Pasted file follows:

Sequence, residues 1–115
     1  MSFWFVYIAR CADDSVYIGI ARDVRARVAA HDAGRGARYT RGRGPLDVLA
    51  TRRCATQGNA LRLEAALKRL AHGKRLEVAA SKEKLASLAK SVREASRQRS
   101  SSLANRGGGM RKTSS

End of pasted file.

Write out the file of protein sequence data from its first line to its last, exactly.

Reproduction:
Sequence, residues 1–115
     1  MSFWFVYIAR CADDSVYIGI ARDVRARVAA HDAGRGARYT RGRGPLDVLA
    51  TRRCATQGNA LRLEAALKRL AHGKRLEVAA SKEKLASLAK SVREASRQRS
   101  SSLANRGGGM RKTSS